The Kennesaw State University Soccer Stadium opens Sunday when the Atlanta Beat host Sky Blue FC in a historic match for women’s soccer. Although Atlanta is a 2010 expansion team and has played just four WPS games thus far, the club is setting a standard for future WPS business models by getting into its own stadium in year one.
Major League Soccer has spoken of the importance of teams playing in self-controlled soccer-specific stadiums for over a decade and now has venues such as Red Bull Arena, The Home Depot Center and Toyota Park to boast about. The soccer-specific stadium is said to be the ticket to a successful business model for domestic teams in a country where soccer still lacks respect. The construction of the KSU Soccer Stadium just outside of Atlanta should be no different.
Well, it is slightly different. Instead of a Major League Soccer team moving into the new digs, the Atlanta Beat represent the first WPS team to play in a stadium specifically built for a women’s team.
Atlanta (0-3-1, 1 pt.) may be struggling early in its inaugural season, but off the field the Beat are winning mightily. Sunday’s stadium opening will represent the single best moment in this league’s short history (save the launch of the league itself) and will be a critical component to the longevity of WPS.
“Sunday’s home opener in Atlanta at KSU Soccer Stadium is one of the biggest moments in the development of our league since we launched last March,” WPS Commissioner Tonya Antonucci said. “Sports-specific stadiums have been crucial to the long-term success and growth of all leagues – both young and established ones – and we’re incredibly pleased to have one of our own teams build a new stadium in their first year as a team and in the second year overall for WPS.”
At 8,300 seats and cost of $16.5 million, the investment in women’s soccer is clearly strong. The appeal of the facility will help boost attendance in Atlanta and raise the league’s profile amongst other soccer fans that remain unconvinced about the quality of WPS. Fans of MLS seem to view soccer-specific stadiums as a critical component to a franchise’s (and league’s) future, so KSU Soccer Stadium should add legitimacy to some of the doubters. MLS began play in 1996 and did not see the completion of Columbus Crew Stadium, the first soccer-specific venue in the league, until 1999.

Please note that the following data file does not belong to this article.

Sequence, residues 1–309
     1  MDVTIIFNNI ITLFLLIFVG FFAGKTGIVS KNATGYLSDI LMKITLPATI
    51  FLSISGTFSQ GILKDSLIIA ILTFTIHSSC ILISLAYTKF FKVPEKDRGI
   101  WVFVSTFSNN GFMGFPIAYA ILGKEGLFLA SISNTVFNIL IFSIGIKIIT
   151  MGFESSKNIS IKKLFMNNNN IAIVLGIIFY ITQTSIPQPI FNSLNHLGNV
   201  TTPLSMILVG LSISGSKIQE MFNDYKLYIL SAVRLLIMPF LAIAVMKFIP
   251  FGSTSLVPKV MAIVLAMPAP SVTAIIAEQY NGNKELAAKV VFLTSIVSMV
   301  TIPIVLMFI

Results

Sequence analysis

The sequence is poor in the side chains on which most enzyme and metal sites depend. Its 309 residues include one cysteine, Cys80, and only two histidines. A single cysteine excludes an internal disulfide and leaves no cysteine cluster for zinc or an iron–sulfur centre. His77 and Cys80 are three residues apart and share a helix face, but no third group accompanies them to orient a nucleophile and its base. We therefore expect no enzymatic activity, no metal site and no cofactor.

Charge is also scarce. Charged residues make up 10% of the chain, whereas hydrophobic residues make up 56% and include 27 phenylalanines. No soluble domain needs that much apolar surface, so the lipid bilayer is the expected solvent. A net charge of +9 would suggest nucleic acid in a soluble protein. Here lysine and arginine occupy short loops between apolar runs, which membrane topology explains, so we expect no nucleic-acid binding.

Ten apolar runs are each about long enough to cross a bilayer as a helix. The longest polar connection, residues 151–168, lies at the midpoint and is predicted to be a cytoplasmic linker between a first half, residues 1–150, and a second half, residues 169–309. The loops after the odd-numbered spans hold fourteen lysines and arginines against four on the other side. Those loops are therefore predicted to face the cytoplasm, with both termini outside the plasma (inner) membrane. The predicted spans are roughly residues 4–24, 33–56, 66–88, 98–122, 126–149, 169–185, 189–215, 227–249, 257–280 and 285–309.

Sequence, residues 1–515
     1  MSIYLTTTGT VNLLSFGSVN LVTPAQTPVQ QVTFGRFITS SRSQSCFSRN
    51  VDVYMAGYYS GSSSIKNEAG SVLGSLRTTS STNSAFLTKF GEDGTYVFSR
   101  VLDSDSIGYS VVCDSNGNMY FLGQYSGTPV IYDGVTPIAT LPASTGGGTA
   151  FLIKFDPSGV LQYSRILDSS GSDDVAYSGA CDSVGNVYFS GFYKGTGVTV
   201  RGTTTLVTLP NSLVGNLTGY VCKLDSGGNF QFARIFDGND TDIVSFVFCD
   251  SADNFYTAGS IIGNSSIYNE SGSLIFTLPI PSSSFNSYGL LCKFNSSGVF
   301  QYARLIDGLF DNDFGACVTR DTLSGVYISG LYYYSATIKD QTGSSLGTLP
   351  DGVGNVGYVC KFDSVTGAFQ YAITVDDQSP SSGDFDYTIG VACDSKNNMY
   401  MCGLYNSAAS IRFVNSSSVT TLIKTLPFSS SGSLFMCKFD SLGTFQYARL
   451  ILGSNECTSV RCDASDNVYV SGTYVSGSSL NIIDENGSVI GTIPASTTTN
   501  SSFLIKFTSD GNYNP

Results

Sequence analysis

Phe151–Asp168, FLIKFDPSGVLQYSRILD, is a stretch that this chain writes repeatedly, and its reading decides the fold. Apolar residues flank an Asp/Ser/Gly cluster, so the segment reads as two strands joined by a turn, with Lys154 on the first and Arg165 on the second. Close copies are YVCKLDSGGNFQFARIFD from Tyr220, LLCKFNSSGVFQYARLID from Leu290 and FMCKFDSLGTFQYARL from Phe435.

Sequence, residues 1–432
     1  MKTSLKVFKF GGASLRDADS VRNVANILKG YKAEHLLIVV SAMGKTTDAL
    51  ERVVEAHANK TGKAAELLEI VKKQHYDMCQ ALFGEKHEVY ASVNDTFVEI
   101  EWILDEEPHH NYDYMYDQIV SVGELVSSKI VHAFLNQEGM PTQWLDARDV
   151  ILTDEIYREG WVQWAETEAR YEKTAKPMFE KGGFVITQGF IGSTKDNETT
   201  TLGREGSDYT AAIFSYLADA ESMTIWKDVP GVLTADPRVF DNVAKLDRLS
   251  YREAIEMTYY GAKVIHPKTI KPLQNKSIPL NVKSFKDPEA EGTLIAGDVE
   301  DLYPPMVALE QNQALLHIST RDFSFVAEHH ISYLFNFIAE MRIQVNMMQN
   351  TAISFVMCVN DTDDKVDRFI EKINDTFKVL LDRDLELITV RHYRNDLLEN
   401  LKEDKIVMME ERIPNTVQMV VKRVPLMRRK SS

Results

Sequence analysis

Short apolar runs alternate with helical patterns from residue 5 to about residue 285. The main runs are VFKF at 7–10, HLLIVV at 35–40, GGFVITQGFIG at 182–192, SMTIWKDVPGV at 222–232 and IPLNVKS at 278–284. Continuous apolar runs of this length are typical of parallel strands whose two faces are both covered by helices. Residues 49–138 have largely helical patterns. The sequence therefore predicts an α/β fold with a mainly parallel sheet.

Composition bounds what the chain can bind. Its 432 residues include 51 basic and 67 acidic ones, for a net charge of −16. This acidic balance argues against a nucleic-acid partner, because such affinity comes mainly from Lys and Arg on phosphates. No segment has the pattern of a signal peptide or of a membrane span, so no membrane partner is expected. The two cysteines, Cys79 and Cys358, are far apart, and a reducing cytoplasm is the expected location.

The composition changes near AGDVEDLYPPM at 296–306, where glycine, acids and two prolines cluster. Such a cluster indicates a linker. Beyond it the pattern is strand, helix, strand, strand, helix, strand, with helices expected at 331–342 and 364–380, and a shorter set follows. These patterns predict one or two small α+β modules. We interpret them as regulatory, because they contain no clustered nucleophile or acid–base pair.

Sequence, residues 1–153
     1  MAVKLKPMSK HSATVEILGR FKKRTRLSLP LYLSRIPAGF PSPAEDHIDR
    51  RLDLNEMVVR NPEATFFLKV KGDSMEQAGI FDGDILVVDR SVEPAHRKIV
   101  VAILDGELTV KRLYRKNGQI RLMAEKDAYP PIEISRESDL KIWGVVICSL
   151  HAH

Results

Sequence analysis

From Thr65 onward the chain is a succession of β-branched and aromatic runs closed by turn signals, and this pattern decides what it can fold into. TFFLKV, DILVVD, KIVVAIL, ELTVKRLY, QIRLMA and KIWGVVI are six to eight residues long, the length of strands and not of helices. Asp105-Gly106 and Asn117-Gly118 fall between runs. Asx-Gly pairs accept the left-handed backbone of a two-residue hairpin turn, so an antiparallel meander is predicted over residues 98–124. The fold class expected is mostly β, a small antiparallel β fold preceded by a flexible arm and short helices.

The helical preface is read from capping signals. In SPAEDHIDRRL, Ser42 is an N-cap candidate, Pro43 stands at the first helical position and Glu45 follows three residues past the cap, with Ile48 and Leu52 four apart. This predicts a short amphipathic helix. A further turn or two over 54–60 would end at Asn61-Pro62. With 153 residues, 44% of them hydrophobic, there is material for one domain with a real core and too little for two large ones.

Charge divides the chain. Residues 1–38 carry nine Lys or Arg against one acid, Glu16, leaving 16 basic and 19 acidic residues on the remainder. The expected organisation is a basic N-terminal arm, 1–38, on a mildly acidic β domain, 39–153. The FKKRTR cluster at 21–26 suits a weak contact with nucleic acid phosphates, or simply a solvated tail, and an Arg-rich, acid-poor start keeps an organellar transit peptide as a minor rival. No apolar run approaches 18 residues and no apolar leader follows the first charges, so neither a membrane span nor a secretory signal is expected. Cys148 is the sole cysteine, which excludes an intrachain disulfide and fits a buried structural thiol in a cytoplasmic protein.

Of course just having a stadium does not mean people will automatically show up. Crew Stadium has had its empty moments, and Pizza Hut Park outside of Dallas and Dick’s Sporting Goods Park outside of Denver are both currently going through some tough times with some extremely sparsely attended games.
What is guaranteed by a soccer-specific stadium is the opportunity for the Beat to control its own schedule and stadium revenue, which should provide a quicker path to breaking even and operating a successful business.
It would be unfair to expect Atlanta to sell-out the 8,300 seat stadium on any type of regular basis when the average WPS attendance is only about 4,500. However, the stadium’s aesthetic appeal and symbolism of a long-term commitment from the Beat and WPS should help boost interest in both.
The key for Atlanta will be putting a good product on the field and proving that its team is “The Best in the World.” For WPS, making similar strides in other markets is critical to the long-term success of the league. Soccer-specific stadiums do not just provide long-term benefits to a team’s bottom line but also evoke a sense of professionalism that WPS is striving for.
All of that will be on display Sunday during a truly special moment for women’s sports, where a stadium will open specifically for a Women’s Professional Soccer team – not a men’s team, not a women’s basketball team, but a women’s soccer team.
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